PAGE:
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Clan affiliation main factor in Attock

April 17, 2013

— File Photo

ATTOCK: Sardar Nawab of Domail village says he and his family always use their right of franchise in accordance with the decision of their elders.

“Well before each election, a proper meeting of our Biradri (clan) is held for taking the final decision. Then, “Dua-i-Khair” (prayer of good wishes) is offered in the presence of the candidate (s) to formally announce the clan’s support.

“So there is nothing hidden and everybody knows which Biradri is supporting which candidate or party,” he added.

Traditionally, voters in the rural areas of the district have preferred leaders of political parties while people in the rural areas are known for voting on the basis of clan affiliations.

The Biradri system has always remained a main factor in elections in the rural areas and the people there support their favourite candidate or a political party as a whole.

If the elders of any Biradri decide to vote for any particular candidate or political party, all members of the clan follow the decision.

The third major deciding factor in the rural voting is the “Pirs” (spiritual leaders) as the rural population shows extreme regard to their decisions.

Former MPA Pir Abbas Mohiuddin, an influential spiritual figure of Mukhad village, is this time a potential PTI candidate for PP-19 Attock-V.

The Pir had won the seat in the 2002 election on the ticket of the PML-Q. Owing to his influence, this time the PTI preferred the Pir for the constituency, ignoring an application filed by another PTI leader, Sardar Mumtaz Khan, for the ticket.

Besides, the rural voters take more interest and enthusiasm in the electioneering as compared to the urban voters and the turnout remains high there.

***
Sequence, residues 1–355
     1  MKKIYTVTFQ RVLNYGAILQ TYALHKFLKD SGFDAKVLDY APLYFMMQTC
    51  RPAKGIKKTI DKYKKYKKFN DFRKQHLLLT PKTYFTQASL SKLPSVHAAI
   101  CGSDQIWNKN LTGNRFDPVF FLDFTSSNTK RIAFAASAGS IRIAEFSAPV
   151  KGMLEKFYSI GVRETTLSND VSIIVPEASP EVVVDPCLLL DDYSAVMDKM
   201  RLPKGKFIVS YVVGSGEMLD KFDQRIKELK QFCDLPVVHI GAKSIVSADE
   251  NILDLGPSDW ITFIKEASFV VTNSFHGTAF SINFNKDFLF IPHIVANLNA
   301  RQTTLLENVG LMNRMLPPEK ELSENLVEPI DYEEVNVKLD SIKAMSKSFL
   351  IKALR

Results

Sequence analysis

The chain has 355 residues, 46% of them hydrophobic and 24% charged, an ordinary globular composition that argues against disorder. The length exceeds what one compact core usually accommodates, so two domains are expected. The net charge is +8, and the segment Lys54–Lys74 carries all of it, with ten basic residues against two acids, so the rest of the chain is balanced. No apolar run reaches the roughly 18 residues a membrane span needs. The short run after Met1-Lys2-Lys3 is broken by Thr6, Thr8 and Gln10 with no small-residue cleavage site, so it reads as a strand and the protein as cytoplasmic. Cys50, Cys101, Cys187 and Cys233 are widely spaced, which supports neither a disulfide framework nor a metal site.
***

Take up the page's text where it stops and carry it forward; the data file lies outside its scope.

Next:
This trend of voting in the rural areas is due to low literacy rate and old taboos and traditions.

However, educated people even in the rural areas cast their votes on their free will though their number is very low.

On the other hand, people in the urban areas vote on merit after judging the manifestos and performance of the parties.

In the urban areas, even members of a same family have different opinions and follow different parties.

For example, Rana Afsar Ali Khan from the Rana family in the Attock city is supporting the “Major Group” in NA-57 whereas his two cousins are supporting the PTI. In the 2008 elections, they all had voted for the PPP.

Mr Khan told this correspondent that he had always voted for a particular political party but now his children were supporting another party.

However, urban voters do not attend election-related gatherings so vigorously. They preferably watch and monitor the election activities from a distance.

Some of them also prefer to stay home to avoid the hardship of polling process which also causes low turnout.

Undoubtedly, the majority urban voters cast vote on merit with full liberty. But it is also a fact that rural voters affect the election results as they are about 80 per cent of the total population.